X-ray technology has revolutionized medicine, especially computed tomography (CT), which allows doctors to see inside the body to find and treat illnesses that might otherwise go undetected.
Health care has become increasing reliant on such technology, to help physicians manage patients and as one key element for them to be able make accurate diagnoses. CT, one of the most widely used imaging modalities which uses x-rays, generates a series of images of the body to help identify abnormalities such as tumours, polyps, coronary stenosis and other vascular conditions, bone injuries, and damage to internal organs.
But while the CT scans are well tolerated and have demonstrated their ability in certain cases to be a vital part in saving lives, there is some concern about the levels of ionizing radiation that patients may be receiving in order to receive a diagnostic quality scan. Experts say the science still remains inconclusive as to what the actual risks of low level, diagnostic radiation exposures are.
According to GE experts, the magnitude of the risk of diagnostic x-rays is currently modeled as a “linear” effect.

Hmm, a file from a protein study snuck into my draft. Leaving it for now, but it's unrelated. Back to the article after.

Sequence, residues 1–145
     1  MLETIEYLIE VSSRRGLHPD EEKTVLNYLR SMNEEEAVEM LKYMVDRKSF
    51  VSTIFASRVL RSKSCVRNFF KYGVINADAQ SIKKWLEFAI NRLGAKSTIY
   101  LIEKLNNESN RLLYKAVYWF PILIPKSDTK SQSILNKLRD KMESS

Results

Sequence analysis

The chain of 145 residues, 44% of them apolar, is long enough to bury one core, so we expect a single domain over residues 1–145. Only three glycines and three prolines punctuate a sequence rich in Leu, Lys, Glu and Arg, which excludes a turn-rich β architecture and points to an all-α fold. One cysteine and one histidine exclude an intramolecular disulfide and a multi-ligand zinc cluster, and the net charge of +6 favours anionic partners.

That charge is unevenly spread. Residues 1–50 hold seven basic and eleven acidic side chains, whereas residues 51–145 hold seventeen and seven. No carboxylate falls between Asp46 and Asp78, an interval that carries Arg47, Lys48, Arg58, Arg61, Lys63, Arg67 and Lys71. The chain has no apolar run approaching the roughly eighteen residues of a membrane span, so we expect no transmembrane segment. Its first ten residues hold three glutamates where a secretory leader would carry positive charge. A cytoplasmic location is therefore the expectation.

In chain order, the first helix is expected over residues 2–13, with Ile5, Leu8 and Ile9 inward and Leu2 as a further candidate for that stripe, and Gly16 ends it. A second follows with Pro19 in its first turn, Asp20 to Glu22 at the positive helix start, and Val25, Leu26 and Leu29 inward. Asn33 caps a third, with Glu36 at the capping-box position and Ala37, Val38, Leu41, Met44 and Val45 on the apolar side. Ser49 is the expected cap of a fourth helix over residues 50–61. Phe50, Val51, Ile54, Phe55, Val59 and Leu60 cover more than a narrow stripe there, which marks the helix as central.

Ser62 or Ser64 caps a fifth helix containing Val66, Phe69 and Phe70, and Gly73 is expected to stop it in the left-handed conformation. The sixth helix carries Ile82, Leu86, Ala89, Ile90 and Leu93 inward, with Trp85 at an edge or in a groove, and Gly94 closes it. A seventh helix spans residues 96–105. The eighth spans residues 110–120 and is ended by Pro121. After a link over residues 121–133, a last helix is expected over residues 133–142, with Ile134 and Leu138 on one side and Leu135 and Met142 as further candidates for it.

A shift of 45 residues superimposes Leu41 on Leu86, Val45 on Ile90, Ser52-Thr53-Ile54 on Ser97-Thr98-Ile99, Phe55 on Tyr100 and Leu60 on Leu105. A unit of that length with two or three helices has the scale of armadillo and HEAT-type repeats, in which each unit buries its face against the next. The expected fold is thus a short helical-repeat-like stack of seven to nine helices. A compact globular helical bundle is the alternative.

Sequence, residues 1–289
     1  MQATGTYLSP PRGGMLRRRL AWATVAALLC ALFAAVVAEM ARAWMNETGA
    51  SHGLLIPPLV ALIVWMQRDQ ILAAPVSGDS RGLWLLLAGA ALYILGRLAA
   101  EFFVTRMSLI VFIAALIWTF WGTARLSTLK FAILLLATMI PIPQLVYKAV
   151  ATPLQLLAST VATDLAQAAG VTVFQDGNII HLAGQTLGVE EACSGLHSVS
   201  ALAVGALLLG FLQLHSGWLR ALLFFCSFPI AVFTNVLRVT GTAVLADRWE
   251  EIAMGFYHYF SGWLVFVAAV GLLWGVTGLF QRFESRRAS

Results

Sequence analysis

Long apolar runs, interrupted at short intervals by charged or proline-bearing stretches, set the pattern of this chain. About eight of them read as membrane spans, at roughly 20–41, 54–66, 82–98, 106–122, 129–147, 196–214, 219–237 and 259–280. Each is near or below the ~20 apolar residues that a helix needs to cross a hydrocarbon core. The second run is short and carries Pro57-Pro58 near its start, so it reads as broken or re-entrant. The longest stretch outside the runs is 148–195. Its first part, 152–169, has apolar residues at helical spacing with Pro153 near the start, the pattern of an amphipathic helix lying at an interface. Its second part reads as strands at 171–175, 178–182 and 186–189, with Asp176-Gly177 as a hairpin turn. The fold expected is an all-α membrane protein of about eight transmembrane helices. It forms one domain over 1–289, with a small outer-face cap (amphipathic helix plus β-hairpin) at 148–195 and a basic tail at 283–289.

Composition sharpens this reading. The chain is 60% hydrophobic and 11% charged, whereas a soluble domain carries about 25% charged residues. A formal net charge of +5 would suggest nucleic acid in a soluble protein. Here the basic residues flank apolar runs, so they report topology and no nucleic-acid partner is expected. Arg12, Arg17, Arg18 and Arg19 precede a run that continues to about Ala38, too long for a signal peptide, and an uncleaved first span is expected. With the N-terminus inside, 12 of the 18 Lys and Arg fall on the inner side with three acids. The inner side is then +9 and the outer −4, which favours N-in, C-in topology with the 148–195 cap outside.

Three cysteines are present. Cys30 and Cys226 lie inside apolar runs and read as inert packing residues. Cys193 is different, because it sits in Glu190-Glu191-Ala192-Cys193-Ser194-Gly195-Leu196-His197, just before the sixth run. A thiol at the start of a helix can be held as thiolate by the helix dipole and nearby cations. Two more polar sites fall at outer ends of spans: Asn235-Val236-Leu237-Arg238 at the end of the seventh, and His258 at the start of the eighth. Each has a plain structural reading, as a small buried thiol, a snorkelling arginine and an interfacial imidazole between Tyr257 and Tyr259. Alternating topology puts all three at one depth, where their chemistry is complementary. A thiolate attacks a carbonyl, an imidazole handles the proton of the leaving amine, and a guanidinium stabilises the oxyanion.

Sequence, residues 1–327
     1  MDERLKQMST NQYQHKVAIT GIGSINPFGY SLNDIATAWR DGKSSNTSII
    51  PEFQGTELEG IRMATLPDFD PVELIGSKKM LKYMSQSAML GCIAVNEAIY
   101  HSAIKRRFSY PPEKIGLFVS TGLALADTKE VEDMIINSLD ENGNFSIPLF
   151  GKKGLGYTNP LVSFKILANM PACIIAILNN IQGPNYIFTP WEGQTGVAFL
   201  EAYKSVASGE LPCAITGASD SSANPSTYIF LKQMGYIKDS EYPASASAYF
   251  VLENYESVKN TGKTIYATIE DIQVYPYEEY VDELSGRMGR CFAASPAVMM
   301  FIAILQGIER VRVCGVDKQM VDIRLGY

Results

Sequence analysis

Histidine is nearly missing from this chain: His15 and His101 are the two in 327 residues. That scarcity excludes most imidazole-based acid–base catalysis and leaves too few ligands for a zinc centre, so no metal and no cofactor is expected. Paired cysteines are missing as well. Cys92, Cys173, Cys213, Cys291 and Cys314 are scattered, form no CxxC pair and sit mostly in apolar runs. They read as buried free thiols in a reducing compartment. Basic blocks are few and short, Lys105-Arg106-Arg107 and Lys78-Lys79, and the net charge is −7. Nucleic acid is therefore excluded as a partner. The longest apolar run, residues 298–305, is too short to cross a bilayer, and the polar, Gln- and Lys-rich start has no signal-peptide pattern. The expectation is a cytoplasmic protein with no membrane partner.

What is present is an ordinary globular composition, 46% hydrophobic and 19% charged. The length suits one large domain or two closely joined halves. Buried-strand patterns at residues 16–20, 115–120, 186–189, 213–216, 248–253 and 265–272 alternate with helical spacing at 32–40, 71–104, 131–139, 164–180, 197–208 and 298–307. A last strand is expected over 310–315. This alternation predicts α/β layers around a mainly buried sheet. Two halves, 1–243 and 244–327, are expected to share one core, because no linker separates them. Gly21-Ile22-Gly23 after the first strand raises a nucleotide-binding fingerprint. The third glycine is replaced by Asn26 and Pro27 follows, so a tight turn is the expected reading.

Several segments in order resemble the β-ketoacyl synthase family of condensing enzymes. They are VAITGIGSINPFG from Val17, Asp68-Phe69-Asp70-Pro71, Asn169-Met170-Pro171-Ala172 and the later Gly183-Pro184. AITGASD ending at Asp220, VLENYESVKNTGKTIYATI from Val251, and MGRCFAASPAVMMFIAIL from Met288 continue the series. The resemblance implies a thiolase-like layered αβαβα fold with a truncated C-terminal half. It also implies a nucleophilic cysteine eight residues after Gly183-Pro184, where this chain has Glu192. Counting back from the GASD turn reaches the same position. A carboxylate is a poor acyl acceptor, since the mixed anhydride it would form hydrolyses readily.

The results were measured from individuals who received very large doses and whose effects were obvious and measurable. Using this model results in being able to assign a level of risk down to the exposure from a single x-ray, though it is not necessarily appropriate given that everyone is continuously exposed to natural background sources of ionizing radiation. At the very least, this natural background exposure has an order of magnitude variation that depends on a person’s location on earth.
For this reason, when medical imaging professionals have a medical imaging test using x-rays or radiopharmaceuticals, they abide by a principle that levels should be “as low as reasonably achievable.”
Also known as ALARA, “reasonably achievable” in this respect includes ensuring that the images are of sufficient diagnostic quality for the task at hand, but not using more dose than needed to obtain this level of image quality. Instead, a very low dose exam that didn’t produce a diagnostic quality image would constitute unneeded patient exposure, with no clinical benefit for the patient.